Hunger Strike Spreads; Haitian Immigrant Activist Freed]

Hunger Strike Spreads; Haitian Immigrant Activist Freed


On January 17 a group of immigrant rights activists in Florida suspended a
hunger strike — the Fast for Our Families <> —
which they began on New Year’s Day. "After watching the suffering of our
Haitian brothers and sisters, and seeing the determination of the Department
of Homeland Security to ignore the voices of immigrant families fighting to
stay together, we must continue our struggle in a different way," they wrote
in their
Three of the fasters had been hospitalized during the 17-day protest.

The activists announced their decision a day after Homeland Security
Secretary Janet Napolitano passed within a block of St. Ann’s Catholic
Mission in the Miami suburb of Naranja, Florida, where they were camped out.
Despite pleas on the fasters’ behalf from Marleine Bastien, one of Miami’s
most prominent and respected Haitian immigrant activists, Napolitano made it
patently clear that she would ignore the fasters’ demand for a meeting with

The protest is not over. *Others have picked up where the fasters left off.
On January 18, Martin Luther King Day, the **Southwest Workers’ Union
*announced that as many as 70 immigrants jailed at the Port Isabel Detention
Center in Bayview, Texas, were in the third day of a **hunger

*. The strike began as **thousands

* in Phoenix, Arizona on January 16 to protest the anti-immigrant crackdowns
of Maricopa County Sheriff Joe Arpaio. Among their reasons for the hunger
strike, detainees at Port Isabel cited solidarity: with the people of Haiti,
with the Fast for Our Families and with Jean Montrevil, a Haitian immigrant
and community leader detained in New York City. The hunger strikers are
demanding an end to detention, deportation, raids and human rights abuses;
and an immigration system that guarantees transparency, due process and
consideration for families.*

A day later, on January 19, 100 detainees at the Varick Street immigration
jail in Manhattan refused to go to the mess hall, and gave guards a flier
declaring they were on a hunger strike to protest detention policies and
practices. According to detainees quoted in the *New York
*, Immigration and Customs Enforcement (ICE) responded by sending in a SWAT
team that used pepper spray and beat up some of the detainees; ICE then
further punished the protesters by moving them into segregation cells or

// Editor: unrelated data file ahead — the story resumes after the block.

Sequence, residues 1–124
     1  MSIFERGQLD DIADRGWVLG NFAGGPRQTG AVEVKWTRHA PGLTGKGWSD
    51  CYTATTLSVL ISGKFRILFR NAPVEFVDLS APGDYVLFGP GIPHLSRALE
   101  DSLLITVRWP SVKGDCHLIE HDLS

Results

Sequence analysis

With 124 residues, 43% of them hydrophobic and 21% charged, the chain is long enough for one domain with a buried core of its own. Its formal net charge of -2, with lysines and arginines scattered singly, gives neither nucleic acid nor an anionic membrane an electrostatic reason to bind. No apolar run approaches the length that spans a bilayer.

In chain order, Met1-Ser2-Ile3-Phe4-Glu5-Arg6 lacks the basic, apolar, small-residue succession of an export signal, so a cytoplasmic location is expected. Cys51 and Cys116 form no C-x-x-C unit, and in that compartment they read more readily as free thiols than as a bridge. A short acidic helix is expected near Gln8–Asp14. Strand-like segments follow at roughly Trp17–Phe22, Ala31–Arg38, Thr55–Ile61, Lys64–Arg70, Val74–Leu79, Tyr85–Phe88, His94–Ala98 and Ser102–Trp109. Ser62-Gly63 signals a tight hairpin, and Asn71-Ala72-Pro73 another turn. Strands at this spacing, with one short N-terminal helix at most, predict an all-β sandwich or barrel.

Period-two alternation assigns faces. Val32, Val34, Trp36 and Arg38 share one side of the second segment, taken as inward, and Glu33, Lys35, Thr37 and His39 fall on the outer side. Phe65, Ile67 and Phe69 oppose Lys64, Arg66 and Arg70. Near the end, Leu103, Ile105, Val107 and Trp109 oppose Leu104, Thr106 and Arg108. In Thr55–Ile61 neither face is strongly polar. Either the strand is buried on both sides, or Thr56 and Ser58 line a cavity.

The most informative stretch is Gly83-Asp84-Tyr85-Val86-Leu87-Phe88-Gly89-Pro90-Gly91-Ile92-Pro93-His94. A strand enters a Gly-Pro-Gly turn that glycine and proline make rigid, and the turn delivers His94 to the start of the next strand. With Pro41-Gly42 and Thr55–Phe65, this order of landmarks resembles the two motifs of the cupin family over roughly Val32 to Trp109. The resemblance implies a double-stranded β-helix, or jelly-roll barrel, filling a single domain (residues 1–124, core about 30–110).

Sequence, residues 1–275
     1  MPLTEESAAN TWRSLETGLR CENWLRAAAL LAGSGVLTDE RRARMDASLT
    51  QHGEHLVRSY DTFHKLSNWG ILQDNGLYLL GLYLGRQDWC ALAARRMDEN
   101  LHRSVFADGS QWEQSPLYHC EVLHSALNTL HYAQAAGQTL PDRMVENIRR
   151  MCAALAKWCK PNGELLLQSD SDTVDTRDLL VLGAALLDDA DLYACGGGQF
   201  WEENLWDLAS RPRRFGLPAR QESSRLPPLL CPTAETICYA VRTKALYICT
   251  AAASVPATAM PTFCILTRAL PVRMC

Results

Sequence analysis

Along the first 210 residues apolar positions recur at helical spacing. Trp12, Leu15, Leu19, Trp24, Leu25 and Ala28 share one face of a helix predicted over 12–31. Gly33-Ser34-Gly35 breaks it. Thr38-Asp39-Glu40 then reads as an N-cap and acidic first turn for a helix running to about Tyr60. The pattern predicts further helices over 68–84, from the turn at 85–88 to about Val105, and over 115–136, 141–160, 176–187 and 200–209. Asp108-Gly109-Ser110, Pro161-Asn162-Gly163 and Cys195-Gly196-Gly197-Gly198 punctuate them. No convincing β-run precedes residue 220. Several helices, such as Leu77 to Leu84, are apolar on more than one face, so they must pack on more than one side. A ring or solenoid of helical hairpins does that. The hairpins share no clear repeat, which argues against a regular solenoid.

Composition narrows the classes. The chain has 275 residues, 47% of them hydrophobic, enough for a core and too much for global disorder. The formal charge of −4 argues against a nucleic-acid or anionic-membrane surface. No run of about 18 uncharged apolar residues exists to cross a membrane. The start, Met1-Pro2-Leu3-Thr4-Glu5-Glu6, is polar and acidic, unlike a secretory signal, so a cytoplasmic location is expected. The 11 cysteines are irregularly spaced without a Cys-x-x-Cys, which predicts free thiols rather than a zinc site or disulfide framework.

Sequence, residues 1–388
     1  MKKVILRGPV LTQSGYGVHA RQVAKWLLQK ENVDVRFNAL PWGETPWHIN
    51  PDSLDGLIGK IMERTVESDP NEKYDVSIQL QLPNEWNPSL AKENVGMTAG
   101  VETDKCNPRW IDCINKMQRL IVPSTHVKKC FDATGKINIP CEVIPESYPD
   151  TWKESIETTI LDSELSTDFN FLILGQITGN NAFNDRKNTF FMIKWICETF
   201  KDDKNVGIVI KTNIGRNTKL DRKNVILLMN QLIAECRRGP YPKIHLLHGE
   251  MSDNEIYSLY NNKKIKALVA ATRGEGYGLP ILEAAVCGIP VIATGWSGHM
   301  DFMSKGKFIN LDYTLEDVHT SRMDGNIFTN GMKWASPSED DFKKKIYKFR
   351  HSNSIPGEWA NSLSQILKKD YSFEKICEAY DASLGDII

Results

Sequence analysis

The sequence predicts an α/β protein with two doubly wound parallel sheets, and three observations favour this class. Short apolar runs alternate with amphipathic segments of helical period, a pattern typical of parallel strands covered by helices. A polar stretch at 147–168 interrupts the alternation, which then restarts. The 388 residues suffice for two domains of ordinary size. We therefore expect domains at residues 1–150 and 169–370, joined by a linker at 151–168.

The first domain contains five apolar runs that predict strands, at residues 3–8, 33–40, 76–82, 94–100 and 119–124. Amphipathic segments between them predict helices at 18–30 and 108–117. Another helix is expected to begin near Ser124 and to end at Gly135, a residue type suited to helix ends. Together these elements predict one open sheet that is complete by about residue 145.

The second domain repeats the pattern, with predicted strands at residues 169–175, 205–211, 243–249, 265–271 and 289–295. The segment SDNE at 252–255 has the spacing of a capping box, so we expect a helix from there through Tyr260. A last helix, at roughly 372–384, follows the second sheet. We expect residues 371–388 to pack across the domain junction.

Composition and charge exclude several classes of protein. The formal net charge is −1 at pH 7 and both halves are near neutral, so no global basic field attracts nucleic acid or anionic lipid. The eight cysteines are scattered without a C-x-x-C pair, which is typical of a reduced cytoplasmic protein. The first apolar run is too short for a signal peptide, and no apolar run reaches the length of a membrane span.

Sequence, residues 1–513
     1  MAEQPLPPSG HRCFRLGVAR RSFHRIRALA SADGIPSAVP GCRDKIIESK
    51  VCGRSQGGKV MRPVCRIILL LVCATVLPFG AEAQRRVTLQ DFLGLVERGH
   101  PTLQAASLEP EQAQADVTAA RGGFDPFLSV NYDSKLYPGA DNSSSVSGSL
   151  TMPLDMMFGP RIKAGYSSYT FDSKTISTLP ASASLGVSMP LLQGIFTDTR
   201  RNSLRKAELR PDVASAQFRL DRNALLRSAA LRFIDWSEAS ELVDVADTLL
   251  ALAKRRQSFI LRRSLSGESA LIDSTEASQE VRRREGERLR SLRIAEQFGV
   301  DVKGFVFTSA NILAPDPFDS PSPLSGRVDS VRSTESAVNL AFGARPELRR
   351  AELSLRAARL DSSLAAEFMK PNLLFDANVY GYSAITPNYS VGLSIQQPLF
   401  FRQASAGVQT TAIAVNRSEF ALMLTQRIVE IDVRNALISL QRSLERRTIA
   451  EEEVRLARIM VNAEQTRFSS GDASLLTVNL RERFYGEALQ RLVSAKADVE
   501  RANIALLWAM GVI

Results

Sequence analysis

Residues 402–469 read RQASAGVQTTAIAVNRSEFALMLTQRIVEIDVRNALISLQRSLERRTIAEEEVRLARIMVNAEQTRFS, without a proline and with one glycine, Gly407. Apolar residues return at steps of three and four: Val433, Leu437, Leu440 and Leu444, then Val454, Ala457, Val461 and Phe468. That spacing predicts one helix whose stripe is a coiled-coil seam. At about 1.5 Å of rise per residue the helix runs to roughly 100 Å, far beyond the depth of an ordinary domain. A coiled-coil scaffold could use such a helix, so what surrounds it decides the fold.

transferring them to jails in other states.

On January 23, the New Sanctuary Coalition of New York
City<> announced
on its Facebook

Jean Montrevil had been released from the Varick Street immigration lockup,
and had finally been reunited with his wife Jani Montrevil and their
children. Since December 30, when Jean Montrevil was detained by ICE at his
regular monthly immigration check-in, hundreds of people had rallied in his
defense and sent letters to ICE demanding his release. While his case is not
yet won, he can at least remain with his family while he fights his
deportation. Three key factors likely influenced his release: the earthquake
in Port-au-Prince, which forced ICE to suspend deportations to Haiti;
tireless mobilizing by his family and supporters in the New Sanctuary
Movement; and, presumably, his own organizing behind bars, which inspired
other detainees to join the protest movement.

The Fast for Our Families plans to protest at the Department of Homeland
Security in Washington, D.C. on January 27. Meanwhile, the Trail of
a 1,500-mile trek to Washington started by six students from South Florida
on January 1, continues to make its way north. In their
the walkers wrote about stopping at a coffee shop outside Orlando to use the
restroom, and being surprised with an outpouring of support from the
employees there, who gave them free coffee and $40 in donations.

This movement for justice will continue to morph and spread. If you haven’t
joined it yet, now’s your chance to make history.
Lauren Martin | PhD Candidate | Department of Geography | University of
Kentucky | lauren.martin

We Are All Journalists
Dont hate the Media, Be the Media


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